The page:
The trio returned to the crowded canopy, mingling with people, binging some more of the food and again settling down at a table. The lady too returned with her boys to the venue and sat down to feed them, seating herself with her back to the trio(unintentionally).
The groom’s uncle ignored the trio and went up to the lady, introduced himself with the same customary question. She introduced herself as the groom’s cousin. While admiring her little boys and getting them hot pantuas, the uncle happened to mention the trio sitting on the other table.
“How are you guys related? You are all cousins of the groom, “ he asked awkwardly.
She turned and looked back. Her face blanked out for a moment.
“These three guys sitting right behind me? They are not the groom’s cousins. They are not from our family, “ she said in a hushed and worried tone.
“Are you sure?”
“Yes, in fact I met them at the porch of the house and they said they were from the bride’s family,” she almost whispered.
A quick confirmation with relatives on both sides made it clear that the trio did not belong to either families. Were they just trespassing? Were they here for the meal? Or was there another intent. Robbery in wedding venues was not unheard of, after all.
The bride’s uncle was designated to hold post and attend to the three special guests, ensure they were well fed while the police was summoned. The bride and groom were taken to a secured location within the house. The bride was told the venue was still getting ready and the groom was offered an earthen pot full of sweets to satiate his sweet tooth. There was absolutely no whiff of tension in the air. Those who were aware, chose to wear a comfortable mask of pretense.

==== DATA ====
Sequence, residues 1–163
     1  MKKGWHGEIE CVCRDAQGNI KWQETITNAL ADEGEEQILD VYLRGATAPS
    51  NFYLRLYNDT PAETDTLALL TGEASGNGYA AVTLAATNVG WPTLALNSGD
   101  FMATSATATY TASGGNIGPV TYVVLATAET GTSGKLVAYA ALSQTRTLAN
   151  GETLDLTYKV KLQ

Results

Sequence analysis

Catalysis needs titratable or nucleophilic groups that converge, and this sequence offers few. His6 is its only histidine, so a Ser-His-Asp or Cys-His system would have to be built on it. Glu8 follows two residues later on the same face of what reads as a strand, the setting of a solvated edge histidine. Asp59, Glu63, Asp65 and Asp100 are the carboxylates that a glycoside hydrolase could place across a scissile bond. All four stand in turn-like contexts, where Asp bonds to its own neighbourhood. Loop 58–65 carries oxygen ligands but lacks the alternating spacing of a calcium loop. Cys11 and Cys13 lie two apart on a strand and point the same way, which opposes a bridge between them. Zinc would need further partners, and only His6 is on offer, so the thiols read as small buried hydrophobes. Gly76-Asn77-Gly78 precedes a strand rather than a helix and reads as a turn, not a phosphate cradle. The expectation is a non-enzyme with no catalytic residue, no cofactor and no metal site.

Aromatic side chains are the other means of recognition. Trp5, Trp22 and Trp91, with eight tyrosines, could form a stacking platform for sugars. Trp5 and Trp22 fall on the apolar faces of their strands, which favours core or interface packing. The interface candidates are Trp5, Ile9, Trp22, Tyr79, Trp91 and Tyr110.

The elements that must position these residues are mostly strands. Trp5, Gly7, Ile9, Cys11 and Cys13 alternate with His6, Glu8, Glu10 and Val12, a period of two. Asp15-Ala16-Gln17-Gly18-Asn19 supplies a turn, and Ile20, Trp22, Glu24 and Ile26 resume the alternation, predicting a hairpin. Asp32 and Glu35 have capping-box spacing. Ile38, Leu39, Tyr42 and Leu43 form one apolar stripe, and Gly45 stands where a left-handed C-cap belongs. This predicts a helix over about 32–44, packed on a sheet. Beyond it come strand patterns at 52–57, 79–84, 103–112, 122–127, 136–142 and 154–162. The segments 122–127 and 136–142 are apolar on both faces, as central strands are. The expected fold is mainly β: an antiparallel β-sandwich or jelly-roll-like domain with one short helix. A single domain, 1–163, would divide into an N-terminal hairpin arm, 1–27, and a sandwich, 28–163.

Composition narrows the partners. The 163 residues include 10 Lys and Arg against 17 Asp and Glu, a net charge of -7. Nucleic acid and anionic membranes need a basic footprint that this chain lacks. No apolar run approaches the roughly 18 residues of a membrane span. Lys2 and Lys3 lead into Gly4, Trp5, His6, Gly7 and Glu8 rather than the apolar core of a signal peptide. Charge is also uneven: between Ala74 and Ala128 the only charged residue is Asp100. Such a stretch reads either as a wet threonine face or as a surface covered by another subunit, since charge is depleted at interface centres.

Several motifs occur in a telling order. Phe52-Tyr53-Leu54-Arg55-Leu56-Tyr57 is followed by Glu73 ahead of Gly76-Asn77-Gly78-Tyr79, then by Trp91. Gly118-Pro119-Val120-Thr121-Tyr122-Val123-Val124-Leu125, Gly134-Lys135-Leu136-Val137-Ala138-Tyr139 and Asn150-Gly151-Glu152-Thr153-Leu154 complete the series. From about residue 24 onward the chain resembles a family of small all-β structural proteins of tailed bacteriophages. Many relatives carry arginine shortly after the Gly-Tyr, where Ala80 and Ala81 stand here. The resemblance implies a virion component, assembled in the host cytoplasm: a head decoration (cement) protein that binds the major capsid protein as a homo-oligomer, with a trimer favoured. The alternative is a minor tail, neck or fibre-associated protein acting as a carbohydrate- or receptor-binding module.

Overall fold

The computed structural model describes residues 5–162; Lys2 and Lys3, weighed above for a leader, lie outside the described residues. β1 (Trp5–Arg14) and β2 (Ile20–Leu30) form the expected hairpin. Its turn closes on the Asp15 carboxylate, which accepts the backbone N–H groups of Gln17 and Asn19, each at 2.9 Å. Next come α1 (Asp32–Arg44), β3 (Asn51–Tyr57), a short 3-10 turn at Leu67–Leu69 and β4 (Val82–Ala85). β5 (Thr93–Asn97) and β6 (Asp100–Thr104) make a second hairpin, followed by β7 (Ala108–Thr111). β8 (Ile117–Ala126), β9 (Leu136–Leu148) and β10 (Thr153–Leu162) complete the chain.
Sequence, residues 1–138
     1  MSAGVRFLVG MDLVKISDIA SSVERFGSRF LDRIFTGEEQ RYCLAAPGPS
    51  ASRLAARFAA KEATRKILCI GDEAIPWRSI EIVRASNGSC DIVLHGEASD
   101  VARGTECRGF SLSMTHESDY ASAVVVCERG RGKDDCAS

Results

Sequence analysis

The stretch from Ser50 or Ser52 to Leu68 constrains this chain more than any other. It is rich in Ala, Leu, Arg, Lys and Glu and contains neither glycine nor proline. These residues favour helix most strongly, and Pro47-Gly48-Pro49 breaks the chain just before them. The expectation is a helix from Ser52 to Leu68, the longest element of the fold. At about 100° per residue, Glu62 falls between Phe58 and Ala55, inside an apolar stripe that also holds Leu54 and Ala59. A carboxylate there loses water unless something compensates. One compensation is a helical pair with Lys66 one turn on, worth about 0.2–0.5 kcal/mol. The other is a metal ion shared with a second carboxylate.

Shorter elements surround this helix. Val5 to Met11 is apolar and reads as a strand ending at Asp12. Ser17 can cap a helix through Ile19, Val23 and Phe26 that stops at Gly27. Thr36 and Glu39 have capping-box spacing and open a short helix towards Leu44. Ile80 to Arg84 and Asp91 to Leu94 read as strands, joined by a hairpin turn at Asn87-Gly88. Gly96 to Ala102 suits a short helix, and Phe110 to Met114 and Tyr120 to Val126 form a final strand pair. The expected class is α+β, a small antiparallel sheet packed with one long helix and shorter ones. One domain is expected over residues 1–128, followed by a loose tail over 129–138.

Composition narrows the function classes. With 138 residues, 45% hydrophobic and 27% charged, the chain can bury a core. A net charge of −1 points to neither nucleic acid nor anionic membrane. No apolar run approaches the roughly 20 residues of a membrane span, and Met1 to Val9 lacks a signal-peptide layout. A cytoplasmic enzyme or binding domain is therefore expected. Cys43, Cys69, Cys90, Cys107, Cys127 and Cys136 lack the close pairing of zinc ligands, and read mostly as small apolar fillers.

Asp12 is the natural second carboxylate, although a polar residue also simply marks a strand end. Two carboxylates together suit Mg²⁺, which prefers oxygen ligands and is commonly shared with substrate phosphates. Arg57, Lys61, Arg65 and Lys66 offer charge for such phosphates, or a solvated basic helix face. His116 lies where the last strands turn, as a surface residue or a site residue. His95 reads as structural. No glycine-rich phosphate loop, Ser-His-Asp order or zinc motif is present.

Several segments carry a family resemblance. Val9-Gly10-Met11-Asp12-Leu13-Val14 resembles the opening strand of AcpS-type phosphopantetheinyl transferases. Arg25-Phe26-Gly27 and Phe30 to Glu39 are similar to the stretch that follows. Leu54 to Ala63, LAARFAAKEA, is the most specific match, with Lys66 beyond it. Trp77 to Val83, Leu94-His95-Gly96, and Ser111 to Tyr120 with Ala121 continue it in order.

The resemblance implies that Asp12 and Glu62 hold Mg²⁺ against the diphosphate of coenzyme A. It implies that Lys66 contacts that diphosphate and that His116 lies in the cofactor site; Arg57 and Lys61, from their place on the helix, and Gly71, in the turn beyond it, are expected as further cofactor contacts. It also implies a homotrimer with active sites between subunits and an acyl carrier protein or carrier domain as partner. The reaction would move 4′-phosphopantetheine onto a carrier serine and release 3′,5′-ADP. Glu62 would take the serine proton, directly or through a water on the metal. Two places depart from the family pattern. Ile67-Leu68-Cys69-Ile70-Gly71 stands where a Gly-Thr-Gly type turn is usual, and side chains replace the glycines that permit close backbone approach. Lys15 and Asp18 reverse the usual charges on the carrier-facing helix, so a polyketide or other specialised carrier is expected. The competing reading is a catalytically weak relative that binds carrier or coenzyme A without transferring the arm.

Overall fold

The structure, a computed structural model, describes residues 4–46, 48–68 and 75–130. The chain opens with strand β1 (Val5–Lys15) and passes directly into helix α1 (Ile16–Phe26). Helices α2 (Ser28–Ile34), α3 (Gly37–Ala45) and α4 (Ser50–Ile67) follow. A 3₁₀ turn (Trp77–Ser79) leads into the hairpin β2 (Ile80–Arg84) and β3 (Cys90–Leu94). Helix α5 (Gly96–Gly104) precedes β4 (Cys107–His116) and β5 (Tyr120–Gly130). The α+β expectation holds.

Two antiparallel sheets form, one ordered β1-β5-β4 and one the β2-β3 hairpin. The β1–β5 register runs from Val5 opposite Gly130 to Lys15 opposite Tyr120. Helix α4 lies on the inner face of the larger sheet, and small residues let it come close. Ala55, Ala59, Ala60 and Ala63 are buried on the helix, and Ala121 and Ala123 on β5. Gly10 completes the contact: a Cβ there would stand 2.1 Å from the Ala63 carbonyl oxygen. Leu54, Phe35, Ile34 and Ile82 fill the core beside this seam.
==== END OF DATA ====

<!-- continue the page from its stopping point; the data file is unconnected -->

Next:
The bride’s uncle while settled on table with the three young guys, made jokes and laughed away.
“The groom is such a snob. Does not even remotely seem to be as nice as his cousins.” The guys laughed hard as if it was for real.
“Yes, he has always been that way. Since his childhood,” remarked one of them.
“Really! Well, looks could after all be deceptive. Have some rosogulla,” he said, while stuffing his own mouth with the circular white spongy syrupy little ball.
The police arrived in plain clothes shortly and quietly drove the trio away. Not a peek. Not a guest aware with the exception of relatives who had been involved.
A wedding could have been stalled that night. The guests could have been terrorized, the jewelry and valuables robbed and someone could have gotten hurt. Instead, a wedding took place on the venue as planned.
It has been 41 years since. The wedding was just a preview of the life together that had many more adventures in store.
Auothred by : Piya Mukherjee Kalra. I have heard this tale in my many forms since my childhood. Since I did not have the opportunity of attending this wedding in person, this story is a fictionalized version of all the stories about the wedding that I have heard over the years, from different people who did attend the wedding including the bride and the groom.